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Air Force One (1997)

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Score: 6/10

Genre: Action Running Time: 2 hrs. 4 min.

Release Date: July 25th, 1997 MPAA Rating: R

Director: Wolfgang Petersen Actors: Harrison Ford, Gary Oldman, Glenn Close, Wendy Crewson, Liesel Matthews, Xander Berkeley, William H. Macy, Dean Stockwell, Jurgen Prochnow, Donna Bullock

T

he bravado may be amped up and exaggerated beyond anything even remotely realistic, but “Air Force One” still ranks as one of the best hijack movies ever made. The special effects are dated and the use of heroic one-liners may be clichéd (“Get off my plane!”), but it helps that star Harrison Ford is so downright charismatic. And to top it all off, Gary Oldman exquisitely brings to life a memorable and well-played villain, which always helps in over-the-top action films. The careful selection and scripting of such a cinematically nasty role sets “Air Force One” apart from other generic productions; the cast really makes a difference on this one.

President James Marshall (Harrison Ford) has just drastically altered U.S. foreign policies, vowing to never again allow political self-interest to motivate inaction in the face of evil. His riveting speech further supports the notion that the United States will not negotiate with terrorists. It’s bad timing, however, as the world’s most secure aircraft, Air Force One, is soon hijacked by a band of radical Soviet nationalists disguised as a media crew, led by the cunning Ivan Korshunov (Gary Oldman).

Marshall is rushed to the escape pod while is wife (whom he still healthily loves) and daughter (who ironically insists she’s old enough to handle tough situations) are taken hostage, along with the remaining surviving passengers. On the ground, Vice President Kathryn Bennett (Glenn Close) is forced to negotiate for more than 30 lives. The impenetrable plane may be nuclear-blast shielded and bulletproof, but it proves an easy target for infiltration by the terrorists and a unique battleground for the adventurous mayhem that follows.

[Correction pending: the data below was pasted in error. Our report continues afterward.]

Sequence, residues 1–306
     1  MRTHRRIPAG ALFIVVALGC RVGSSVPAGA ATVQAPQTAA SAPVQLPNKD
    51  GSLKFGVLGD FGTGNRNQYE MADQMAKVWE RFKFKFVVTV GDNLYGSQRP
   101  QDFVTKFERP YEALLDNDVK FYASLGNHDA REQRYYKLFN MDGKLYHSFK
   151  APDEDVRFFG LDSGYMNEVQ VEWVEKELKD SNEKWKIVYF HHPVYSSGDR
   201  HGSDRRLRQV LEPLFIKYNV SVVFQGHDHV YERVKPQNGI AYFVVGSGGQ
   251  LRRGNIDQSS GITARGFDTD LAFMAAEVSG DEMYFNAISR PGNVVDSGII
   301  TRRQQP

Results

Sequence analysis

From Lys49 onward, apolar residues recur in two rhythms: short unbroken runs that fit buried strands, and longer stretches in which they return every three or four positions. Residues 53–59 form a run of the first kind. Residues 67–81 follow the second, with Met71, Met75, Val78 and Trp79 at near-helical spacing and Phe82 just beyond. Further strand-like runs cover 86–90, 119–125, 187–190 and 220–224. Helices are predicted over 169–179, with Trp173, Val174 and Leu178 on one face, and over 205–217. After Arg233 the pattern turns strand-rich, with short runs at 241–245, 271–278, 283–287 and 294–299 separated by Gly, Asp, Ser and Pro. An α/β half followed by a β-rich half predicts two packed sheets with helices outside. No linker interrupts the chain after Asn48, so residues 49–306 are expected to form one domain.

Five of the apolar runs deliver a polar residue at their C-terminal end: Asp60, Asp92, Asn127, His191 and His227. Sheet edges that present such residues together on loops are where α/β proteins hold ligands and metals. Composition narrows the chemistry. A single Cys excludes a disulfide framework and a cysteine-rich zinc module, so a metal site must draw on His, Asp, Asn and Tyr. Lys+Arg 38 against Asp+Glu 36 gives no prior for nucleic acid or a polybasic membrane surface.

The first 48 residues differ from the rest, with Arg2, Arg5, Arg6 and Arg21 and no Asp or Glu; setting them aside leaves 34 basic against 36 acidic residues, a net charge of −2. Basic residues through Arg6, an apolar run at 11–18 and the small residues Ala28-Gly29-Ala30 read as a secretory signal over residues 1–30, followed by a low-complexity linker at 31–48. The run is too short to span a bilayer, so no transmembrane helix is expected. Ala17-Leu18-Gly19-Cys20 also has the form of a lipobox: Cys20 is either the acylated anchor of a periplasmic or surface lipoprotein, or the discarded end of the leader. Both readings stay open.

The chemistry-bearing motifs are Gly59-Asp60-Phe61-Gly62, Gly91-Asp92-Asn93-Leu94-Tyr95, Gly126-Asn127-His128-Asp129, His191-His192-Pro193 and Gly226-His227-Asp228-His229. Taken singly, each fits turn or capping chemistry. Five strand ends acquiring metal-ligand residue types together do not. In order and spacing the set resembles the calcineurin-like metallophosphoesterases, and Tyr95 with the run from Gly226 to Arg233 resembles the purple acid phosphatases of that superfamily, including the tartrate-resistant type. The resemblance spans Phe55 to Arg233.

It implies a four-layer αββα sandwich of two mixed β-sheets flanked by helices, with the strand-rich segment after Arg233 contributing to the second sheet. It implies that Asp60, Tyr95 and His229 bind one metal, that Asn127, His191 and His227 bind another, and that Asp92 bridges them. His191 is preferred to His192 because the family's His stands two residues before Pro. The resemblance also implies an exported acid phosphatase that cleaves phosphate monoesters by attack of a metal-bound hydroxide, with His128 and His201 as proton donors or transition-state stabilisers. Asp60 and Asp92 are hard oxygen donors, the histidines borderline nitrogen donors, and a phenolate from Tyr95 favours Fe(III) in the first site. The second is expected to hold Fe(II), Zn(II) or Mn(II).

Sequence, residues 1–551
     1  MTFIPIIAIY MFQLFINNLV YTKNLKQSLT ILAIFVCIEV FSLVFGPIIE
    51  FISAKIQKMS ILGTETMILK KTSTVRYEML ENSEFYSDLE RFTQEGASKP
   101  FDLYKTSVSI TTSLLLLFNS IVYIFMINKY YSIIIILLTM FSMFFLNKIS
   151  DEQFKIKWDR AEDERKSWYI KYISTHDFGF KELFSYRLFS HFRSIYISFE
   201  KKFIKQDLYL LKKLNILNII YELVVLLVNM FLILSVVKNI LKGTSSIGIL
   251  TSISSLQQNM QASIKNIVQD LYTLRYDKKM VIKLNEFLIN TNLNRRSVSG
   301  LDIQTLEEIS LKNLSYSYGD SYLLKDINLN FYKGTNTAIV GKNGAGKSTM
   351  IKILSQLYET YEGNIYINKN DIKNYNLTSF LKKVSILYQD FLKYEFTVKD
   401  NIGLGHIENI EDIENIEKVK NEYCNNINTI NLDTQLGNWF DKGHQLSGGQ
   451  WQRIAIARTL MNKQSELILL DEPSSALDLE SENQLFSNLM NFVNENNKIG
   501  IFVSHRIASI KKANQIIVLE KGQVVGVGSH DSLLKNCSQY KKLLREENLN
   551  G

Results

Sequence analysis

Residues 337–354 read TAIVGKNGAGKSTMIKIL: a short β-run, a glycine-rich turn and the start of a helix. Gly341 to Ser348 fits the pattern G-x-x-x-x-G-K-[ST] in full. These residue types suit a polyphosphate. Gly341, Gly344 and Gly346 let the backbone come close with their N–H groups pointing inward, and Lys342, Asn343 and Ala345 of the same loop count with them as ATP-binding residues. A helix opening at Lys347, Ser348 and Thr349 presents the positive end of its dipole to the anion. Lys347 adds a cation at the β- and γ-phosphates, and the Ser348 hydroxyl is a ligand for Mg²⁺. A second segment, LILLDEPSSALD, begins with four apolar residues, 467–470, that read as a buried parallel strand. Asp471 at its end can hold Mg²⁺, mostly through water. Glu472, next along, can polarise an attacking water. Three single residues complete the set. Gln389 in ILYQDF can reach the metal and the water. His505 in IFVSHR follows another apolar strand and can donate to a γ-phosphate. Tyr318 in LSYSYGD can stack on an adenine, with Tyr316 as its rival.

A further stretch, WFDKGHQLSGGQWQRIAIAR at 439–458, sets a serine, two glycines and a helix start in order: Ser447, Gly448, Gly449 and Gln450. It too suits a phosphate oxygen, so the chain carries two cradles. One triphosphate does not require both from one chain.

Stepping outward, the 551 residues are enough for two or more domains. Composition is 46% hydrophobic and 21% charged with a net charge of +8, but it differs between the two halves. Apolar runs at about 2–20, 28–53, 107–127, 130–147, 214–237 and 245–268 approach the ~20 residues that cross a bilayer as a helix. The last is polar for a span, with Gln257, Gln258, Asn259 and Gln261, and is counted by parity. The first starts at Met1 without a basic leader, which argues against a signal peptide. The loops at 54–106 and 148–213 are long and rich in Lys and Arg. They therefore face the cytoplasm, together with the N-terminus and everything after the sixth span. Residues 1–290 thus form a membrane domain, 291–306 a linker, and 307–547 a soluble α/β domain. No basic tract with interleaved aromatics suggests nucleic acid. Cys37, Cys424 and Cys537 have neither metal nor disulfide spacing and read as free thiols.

The most unbelievable elements are the bravery and courage expressed by ex-soldier Marshall. He may have had actual combat training, but heroism to this degree is especially questionable when dealing with a president. “He has no right to take chances with his life,” states Bennett, sensibly realizing that the presidency is bigger than any one man, though she eventually lets her human sympathies get in the way of duty. It’s an interesting twist to see the leader of the United States strong-armed into a situation in which he must physically and mentally prevail – alone and in harm’s way. Tough, resourceful, and unwaveringly chivalrous, he’s an ideal captain – and exactly the opposite of real life commanders in chief.

Gary Oldman’s performance as the Mother Russia-spewing, mercilessly radical terrorist forerunner is comparable to such great antagonist roles as Alan Rickman’s Hans Gruber. He’s not nearly as likeable or intelligent, but he brings a distinct authenticity to the part, which is scary, intense, and unforgettable. He’s the perfect heinous counterpart to the unusually stalwart president, even if specific minutes of screentime unsuccessfully try to elicit understanding for his actions through a commiseration method that only distances audiences further from his iconoclastic agenda. With spectacularly riveting music by Jerry Goldsmith, electrifying action sequences, and solid characters, “Air Force One” is a capable thriller bearing Wolfgang Petersen’s signature flair for suspense.

– Mike Massie

 



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